Infrared Cameras

I want to use a couple web cams to see an infrared laser. Does anyone have experience with this? Are there any web cams that can filter out
everything but the IR? Also, where can I find a small IR laser?
Add pictures here
<% if( /^image/.test(type) ){ %>
<% } %>
<%-name%>
Add image file
Upload
godavemon wrote:

I can speak about a laser, but there are cheap ($40) composite cameras with built in IR LEDS. A black filter should block visable light.
Add pictures here
<% if( /^image/.test(type) ){ %>
<% } %>
<%-name%>
Add image file
Upload
godavemon wrote:

IR is a wide band, and there are many types of IR lasers, with outputs from about 720 nanometeters to 1500 nanometers, and beyond. I'm going to assume the lower end of the spectrum, near visible light, as this is more typical of the output of diode lasers.
In this case, some common photographic filters are available for this. An RM72 is designed to cut at 720 nanometers; an RM90 at 900 nanometers, and so forth. (Different filter makers use different letter prefixes. Kodak uses a numbering system that does not uniquely identify the cut; a Wratten 87C cuts at 800nm for example.) All of these allow some visible light. You might try a higher filter to cut more visible light.
You'll find these at online photo shops. Gelatin filters are the cheapest. You might also consider simply hacking an old IR remote, the kind that has a dark filter over its LED.
Now as a warning: I experimented with lasers throughout the 80s. I wasn't careful enough when handling IR lasers, and to this day, I have several dark spots in my eyes. The lesions are permanent. FWIW, I think it's better to use a visible light laser if your robot will be among people. At least then people know to avert their eyes. You can work out methods for looking for just the bright red dot (which looks like a white dot on a B/W camera).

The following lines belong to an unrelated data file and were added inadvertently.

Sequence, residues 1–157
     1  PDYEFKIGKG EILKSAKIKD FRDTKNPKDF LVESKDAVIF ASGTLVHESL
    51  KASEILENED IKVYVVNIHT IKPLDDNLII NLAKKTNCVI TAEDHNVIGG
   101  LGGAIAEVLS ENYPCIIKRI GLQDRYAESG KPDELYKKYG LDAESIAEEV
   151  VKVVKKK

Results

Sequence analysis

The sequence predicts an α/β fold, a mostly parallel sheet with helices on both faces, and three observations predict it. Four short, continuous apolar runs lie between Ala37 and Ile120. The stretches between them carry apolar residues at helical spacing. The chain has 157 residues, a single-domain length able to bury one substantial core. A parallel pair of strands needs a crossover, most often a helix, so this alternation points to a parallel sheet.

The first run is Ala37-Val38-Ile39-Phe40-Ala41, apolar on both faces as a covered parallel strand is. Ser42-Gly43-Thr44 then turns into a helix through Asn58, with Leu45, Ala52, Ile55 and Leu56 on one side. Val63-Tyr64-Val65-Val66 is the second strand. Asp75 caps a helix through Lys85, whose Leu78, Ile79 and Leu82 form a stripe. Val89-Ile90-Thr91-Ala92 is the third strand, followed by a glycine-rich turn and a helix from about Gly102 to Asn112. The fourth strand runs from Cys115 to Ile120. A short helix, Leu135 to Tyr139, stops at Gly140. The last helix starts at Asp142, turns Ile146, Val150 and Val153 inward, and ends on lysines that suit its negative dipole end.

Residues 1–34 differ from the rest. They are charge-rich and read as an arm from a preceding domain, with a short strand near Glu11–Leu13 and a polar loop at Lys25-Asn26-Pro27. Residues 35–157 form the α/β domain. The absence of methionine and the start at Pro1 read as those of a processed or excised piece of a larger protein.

-- Gordon
Add pictures here
<% if( /^image/.test(type) ){ %>
<% } %>
<%-name%>
Add image file
Upload
godavemon wrote:

I forgot to mention that many color Webcams (like color camcorders) incorporate IR blocking filters. This prevents the camera from showing "false colors." Under some types of lighting, for instance, a color Webcam without an IR blocking filter will show lots of skin discoloration, veins, and so forth. Not pleasant.
Though some IR still gets through -- you can see this by flashing a TV remote control into the camera -- you willl probably want to remove the IR blocking filter in order to allow as much of the infrared as possible. The design of some Webcams makes this difficult, where the lens and imager are basically one unit. The filter looks like a clear or slightly tinted piece of plastic. On some really cheap Webcams, the IR blocking filter is part of the lens, and cannot be removed.
A black/white camera will not have an IR blocking filter, but there aren't many B/W Webcams these days. You can try a B/W surveillance camera, which come with both composite video outputs and USB. You can get a composite video to USB adapter if needed. This approach will be more expensive.
-- Gordon
Add pictures here
<% if( /^image/.test(type) ){ %>
<% } %>
<%-name%>
Add image file
Upload
I have some. Start with a IR laser and matching filter. Try Jameco for the laser, you need to find one that lists the frequency so you can get the filter. Edmond Sci is a nother place. Also Powertech. Most CCD elements can pick up the IR, the filter is to cut out the visable spectrum.
Jeremy

Add pictures here
<% if( /^image/.test(type) ){ %>
<% } %>
<%-name%>
Add image file
Upload

Polytechforum.com is a website by engineers for engineers. It is not affiliated with any of manufacturers or vendors discussed here. All logos and trade names are the property of their respective owners.